Financial advisers who spoke to The Edge Singapore say that CPF members, in general, should continue investing in CPFIS-included funds because these are long-term investments. “CPF contributors should still continue to divert money out of their ordinary and special accounts to invest in CPFIS-included funds. In fact, I would recommend that one starts investing early [to] harness the power of compounding,” says Kelvin Loo, research & standard manager at Synergy Financial Advisers.

Wong Kwek Yong, director and head of wealth management at Promiseland Independent, agrees. “We should not look at just one year of poor performance and write off the long-term benefits of portfolio investing using CPFIS-included funds. Remember, it is time in the market and not timing the market,” he says.

Pros and cons

As Wong explains it, contributions made by CPF members over the years — on the assumption that one retires at 65 — would generate an average return of 3.305%. This is better than the yield returns of fixed deposits, Singapore government bonds and investment-grade bonds, which Wong estimates will generate 1%, 2.5% and 3% a year respectively. The 3.305% does, however, fall below the Straits Times Index’s annualised returns over 10 years of 9.2% and the average yield of Singapore real estate investment trusts (REITs) of 8%.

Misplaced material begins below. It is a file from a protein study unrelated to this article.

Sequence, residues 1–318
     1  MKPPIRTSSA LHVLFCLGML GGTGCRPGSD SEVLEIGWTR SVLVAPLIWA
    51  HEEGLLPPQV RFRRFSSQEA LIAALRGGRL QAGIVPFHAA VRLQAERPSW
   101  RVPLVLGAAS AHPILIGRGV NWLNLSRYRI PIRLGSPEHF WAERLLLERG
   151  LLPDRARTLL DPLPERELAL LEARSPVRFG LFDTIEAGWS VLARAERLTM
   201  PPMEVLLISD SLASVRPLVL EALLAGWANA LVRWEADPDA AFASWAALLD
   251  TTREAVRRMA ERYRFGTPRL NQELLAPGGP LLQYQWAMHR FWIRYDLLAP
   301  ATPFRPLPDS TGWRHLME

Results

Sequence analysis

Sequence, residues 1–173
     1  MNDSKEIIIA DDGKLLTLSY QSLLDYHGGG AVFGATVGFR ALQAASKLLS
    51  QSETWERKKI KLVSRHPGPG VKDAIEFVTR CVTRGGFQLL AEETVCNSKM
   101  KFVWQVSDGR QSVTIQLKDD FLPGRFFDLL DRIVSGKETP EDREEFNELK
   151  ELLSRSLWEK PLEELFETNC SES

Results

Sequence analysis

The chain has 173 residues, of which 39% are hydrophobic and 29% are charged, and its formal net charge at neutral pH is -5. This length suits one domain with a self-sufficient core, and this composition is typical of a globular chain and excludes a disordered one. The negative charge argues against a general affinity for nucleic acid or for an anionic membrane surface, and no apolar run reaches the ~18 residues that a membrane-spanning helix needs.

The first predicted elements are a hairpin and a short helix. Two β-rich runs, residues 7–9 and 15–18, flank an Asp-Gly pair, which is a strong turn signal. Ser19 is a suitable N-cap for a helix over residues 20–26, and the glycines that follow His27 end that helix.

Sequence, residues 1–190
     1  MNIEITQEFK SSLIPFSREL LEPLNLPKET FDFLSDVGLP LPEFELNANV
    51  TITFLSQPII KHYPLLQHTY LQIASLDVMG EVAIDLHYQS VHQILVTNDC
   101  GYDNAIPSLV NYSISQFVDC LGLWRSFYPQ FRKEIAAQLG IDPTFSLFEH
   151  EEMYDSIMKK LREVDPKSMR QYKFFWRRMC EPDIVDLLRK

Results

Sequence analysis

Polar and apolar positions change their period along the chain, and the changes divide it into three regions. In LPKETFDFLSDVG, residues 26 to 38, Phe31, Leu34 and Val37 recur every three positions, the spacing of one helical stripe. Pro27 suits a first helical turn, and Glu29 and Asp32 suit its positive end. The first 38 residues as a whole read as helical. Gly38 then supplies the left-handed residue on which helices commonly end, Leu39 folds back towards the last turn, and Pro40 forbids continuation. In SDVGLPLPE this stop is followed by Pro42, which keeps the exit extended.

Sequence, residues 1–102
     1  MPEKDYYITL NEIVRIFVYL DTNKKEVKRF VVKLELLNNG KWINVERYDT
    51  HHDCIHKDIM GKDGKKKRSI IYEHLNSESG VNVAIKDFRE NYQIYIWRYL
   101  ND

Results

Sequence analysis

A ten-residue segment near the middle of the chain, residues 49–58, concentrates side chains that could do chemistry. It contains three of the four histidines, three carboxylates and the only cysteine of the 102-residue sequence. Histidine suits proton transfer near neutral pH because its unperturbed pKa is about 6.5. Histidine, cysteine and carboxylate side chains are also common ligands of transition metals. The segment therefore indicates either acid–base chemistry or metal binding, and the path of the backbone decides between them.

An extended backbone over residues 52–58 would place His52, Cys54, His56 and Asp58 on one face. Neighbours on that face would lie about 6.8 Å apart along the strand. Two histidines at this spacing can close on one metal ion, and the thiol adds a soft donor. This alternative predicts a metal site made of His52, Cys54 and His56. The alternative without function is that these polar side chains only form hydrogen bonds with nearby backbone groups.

Still, certain funds can generate even better returns. Using an illustration (see Chart 4), Wong says that if an investor had invested $10,000 in the BlackRock Global Allocation Fund (A) in March 1989, he would have returned more than a 10-bagger (an investment that increases in value by at least 10 times) in March 2015. In comparison, the FTSE World Index would have returned only slightly more than a six-bagger in the same period. Similarly, the FTSE World Government Bond Index would have returned more than a four-bagger. “You can see that, in general,